By John Newsome on 28th May 2009

In recent years, Budgets have been rather boring, a mirage of prosperity rendering them a sideshow. However, last month's crossed the Rubicon. The Chancellor believes there will be a rapid economic recovery and while the economy will contract by 3.5% this year, he plumps for growth of 1.25% in 2010 followed by 3.5% in 2011. Of course, he could be right but in our view, Hans Christian Anderson would have struggled to concoct a better fairy story. On second thoughts, against those forecasts, even Thumbelina and the Little Mermaid start to look believable.

Now, we all have our moments of make believe. I awake regularly to multiple delusions; Leeds United winning the Premier League and my wife finally having enough shoes are but two. I know they are ludicrous but at least I have the excuse that these appalling errors of judgement were committed while I slept. Mr Darling's, on the other hand, are made while he is (seemingly) awake. How likely is it that the UK's economic growth rate will match that of the last decade shorn of easy credit, mortgage equity withdrawal, public sector largesse and high levels of employment?

The problem with the above forecast is that if Mr Darling is not proved correct, the UK's financial position will be even worse. In last year's Budget, he forecast a borrowing requirement to 2011 of £70bn. However, on Budget day 2009, he told us it would be £350bn. Move out to 2014 and the UK will need to raise £700bn of debt; a mere £265bn more than that forecast last November. Don't forget; this is if the growth forecasts are accurate. If they aren't, then a truly dire situation will border on the apocalyptic.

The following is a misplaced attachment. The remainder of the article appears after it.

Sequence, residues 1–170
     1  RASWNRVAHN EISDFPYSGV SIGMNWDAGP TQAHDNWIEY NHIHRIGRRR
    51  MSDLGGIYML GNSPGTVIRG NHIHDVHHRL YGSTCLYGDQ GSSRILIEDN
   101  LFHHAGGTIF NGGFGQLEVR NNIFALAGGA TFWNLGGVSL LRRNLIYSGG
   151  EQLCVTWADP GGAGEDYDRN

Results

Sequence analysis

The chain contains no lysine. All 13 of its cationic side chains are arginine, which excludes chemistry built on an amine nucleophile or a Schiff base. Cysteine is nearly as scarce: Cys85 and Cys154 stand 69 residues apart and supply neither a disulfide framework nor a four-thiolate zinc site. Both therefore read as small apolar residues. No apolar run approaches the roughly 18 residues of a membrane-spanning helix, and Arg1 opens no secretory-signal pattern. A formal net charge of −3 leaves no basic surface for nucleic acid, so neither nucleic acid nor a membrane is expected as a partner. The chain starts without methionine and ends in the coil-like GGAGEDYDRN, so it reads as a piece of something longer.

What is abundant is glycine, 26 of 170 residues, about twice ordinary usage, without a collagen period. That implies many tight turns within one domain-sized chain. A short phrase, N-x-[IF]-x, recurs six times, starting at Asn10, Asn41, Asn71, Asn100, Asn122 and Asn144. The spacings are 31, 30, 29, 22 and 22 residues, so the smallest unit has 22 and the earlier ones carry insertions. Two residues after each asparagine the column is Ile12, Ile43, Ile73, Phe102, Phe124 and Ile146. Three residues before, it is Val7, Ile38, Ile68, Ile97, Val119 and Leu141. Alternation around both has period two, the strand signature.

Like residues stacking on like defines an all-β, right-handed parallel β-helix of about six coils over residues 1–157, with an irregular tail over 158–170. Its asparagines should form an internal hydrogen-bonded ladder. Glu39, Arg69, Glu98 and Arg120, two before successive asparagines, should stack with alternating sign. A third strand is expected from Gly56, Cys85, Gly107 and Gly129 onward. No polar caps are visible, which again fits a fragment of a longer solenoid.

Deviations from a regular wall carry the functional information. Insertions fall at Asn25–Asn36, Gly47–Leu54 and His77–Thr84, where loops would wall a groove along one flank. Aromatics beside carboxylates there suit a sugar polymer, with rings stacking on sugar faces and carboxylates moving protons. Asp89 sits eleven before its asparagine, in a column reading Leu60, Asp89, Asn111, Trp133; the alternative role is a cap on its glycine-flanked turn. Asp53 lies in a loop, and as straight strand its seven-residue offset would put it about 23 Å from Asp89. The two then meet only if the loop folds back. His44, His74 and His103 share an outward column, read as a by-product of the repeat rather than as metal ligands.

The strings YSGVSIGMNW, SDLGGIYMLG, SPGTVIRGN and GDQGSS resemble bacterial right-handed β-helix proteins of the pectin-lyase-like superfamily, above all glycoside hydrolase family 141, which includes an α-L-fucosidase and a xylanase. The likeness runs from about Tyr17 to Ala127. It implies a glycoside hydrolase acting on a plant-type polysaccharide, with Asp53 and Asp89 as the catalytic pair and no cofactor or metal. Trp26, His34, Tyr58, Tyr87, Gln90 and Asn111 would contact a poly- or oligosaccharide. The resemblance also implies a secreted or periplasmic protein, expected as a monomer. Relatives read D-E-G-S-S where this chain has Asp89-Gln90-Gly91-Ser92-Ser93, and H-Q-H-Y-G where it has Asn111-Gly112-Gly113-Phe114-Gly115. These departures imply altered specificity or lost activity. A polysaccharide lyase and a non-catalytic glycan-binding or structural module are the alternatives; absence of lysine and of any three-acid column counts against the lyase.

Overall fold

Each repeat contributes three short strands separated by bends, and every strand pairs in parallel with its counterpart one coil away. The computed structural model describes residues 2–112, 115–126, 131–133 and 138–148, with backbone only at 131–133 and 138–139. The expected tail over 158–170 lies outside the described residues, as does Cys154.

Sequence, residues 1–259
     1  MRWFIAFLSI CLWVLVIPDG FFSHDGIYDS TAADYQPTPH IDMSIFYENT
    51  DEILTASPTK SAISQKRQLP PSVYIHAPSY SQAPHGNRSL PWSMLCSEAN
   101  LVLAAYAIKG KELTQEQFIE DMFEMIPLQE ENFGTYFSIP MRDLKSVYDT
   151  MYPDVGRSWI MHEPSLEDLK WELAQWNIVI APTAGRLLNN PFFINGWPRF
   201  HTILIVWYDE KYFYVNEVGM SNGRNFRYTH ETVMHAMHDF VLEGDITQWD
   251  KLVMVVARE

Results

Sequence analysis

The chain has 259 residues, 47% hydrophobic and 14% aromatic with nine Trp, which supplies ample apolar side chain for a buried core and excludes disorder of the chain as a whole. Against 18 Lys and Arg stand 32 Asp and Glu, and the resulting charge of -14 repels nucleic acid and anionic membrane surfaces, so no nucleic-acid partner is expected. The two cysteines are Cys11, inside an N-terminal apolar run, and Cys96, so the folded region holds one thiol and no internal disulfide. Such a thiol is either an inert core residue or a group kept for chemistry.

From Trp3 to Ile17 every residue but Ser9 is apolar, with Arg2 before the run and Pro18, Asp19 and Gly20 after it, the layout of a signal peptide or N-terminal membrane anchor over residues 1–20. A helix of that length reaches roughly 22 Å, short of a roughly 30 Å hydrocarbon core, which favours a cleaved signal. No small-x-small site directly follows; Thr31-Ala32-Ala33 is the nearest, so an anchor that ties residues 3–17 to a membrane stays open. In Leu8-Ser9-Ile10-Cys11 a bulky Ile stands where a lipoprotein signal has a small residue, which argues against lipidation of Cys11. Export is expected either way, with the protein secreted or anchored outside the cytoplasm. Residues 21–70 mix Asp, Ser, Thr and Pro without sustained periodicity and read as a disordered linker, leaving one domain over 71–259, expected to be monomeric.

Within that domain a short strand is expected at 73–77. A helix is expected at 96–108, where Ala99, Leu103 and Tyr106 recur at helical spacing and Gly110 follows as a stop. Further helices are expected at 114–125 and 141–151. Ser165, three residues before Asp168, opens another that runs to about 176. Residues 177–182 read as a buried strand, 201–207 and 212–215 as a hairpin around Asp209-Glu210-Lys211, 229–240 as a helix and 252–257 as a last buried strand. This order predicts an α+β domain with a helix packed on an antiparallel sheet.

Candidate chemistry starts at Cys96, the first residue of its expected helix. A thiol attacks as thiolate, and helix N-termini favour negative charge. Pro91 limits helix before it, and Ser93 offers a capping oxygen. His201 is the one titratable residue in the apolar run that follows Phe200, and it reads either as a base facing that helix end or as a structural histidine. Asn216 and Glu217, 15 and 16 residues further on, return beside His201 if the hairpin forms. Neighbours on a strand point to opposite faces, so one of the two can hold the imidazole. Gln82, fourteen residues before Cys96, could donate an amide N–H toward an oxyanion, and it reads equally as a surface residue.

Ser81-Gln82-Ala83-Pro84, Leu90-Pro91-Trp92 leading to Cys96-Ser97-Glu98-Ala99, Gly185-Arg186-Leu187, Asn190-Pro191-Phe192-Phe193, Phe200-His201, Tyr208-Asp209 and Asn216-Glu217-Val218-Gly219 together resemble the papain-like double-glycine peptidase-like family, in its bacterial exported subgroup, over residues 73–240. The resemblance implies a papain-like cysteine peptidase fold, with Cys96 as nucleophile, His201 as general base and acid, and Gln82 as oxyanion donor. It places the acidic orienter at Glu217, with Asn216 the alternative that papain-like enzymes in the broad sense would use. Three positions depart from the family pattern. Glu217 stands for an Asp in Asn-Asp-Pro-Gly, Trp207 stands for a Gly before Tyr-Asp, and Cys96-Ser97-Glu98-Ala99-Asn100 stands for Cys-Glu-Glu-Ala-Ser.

It is, therefore, not surprising that Sterling continues to fall. Similar comments apply to conventional government bonds (Gilts) which have started to weaken as the full horror of the government's funding requirement becomes evident. In fact, the Chancellor plans to raise £220bn in gilt sales this financial year alone; a threefold increase on last year. At this rate, we'll be getting them in cornflake packets. It is only a matter of time before buyers (especially foreign) choke on such excess issuance and demand higher yields.

To be fair to Mr Darling, the unenviable position he now finds himself in is not of his making. He is simply the poor soul tasked with cleaning up the mess. Chancellor of the Exchequer may be one of the Great Offices of State but to use a sporting metaphor, his appointment amounted to nothing less than a hospital pass from his boss. Here we see the real villain of the piece with regard to the brutal coshing of the public finances; it was Reverend Brown, in the Cabinet room with the lead piping.

John Newsome can be contacted on:
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